Short-notice care home closures
Local authorities have clear legal duties when undertaking a home closure and it is important to get the process right for residents, families, staff, the owner and the public.
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Underpinning legal responsibilitiesOpen
- There is no legislation specifically defining the powers and responsibilities of local authorities or NHS bodies during care home closures but there are many legal frameworks (see below) that need to be adhered to.
- Commissioning authorities need to comply with the statutory duty to safeguard the needs and welfare of all residents in care homes affected by circumstances that may interrupt their continuity of care.
- Local authorities need to recognise that their statutory duties apply equally to all residents whether they are self-funded or publicly-funded and regardless of which local authority has placed them there in accordance with Ordinary Residence Criteria.
- When working with people who might lack mental capacity to decide for themselves where and how to live the Mental Capacity Act 2005 applies.
- Local authorities should consider their powers under the Local Government Act 1972 (and subsequently updated in 1999, 2000 and 2003) to incur expenditure to resolve a crisis situation.
- Local authorities need to abide by the National Assistance Act 1948 and the NHS and Community Care Act 1990 which set out the key statutory duties in respect of the provision of accommodation and the assessment responsibilities.
- Local authorities need to ensure that they work towards preventing escalating concerns developing (and home closures potentially occurring) by putting in place quality control and monitoring systems as part of their approach to commissioning.
Commissioning authority requirementsOpen
- Local authorities are required by the duty of care invoked when they commission placements to be proactive in monitoring service delivery, safety and performance of care providers and managers.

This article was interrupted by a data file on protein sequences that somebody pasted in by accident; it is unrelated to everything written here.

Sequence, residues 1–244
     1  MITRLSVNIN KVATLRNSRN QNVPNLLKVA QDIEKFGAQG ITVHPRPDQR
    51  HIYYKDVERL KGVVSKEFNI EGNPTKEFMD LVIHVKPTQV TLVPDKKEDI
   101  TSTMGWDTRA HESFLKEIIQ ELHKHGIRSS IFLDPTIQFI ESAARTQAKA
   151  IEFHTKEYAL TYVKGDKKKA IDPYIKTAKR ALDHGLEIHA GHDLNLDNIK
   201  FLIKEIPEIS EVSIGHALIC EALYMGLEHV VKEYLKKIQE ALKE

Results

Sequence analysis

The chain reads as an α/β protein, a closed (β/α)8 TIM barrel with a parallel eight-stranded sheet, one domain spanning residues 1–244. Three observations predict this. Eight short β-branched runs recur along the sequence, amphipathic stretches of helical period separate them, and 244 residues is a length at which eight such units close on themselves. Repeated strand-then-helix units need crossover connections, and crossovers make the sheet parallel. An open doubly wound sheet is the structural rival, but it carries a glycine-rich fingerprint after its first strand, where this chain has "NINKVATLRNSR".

- Commissioning authorities owe a duty of care to all residents regardless of whether their placement is funded privately or publicly, and all must comply with human rights legislation, particularly in regard to safeguarding someone's privacy and dignity.
- Local authorities need to ensure the safety and wellbeing of residents as where there is a failure in the provision of care which causes suffering, this can constitute a breach in duty of care and could amount to a criminal offence being committed by the home.
- Local authorities must undertake the transfer of residents to alternative accommodation in accordance with safeguarding procedures, good practice and due diligence within the law.
- Where people do not have the mental capacity to make decisions without support, local authorities must pay particular attention to the requirements of the Mental Capacity Act (2005) in situations which involve the transfer of residents.
- Local authorities have a duty to instruct independent mental capacity advocates (IMCAs) where accommodation arrangements are being made on behalf of a person lacking mental capacity and without friends or family.
- In the case of insolvency, and where an administrator has been appointed, the council must engage with the administrator under provisions of administration and/or receivership (see 'Administrative receivership' under 'Legal issues - examples and tips'). The administrator's principal objectives to stabilise the business and optimise attempts to sell it may, however, differ from the commissioner's primary requirements to ensure continuity of care and the best outcomes for residents.
- Local authorities need to adhere to the choice directions where individuals are moving location as a result of a home closure and where choice is constrained by availability, suitability and the provider's willingness to accept contract terms.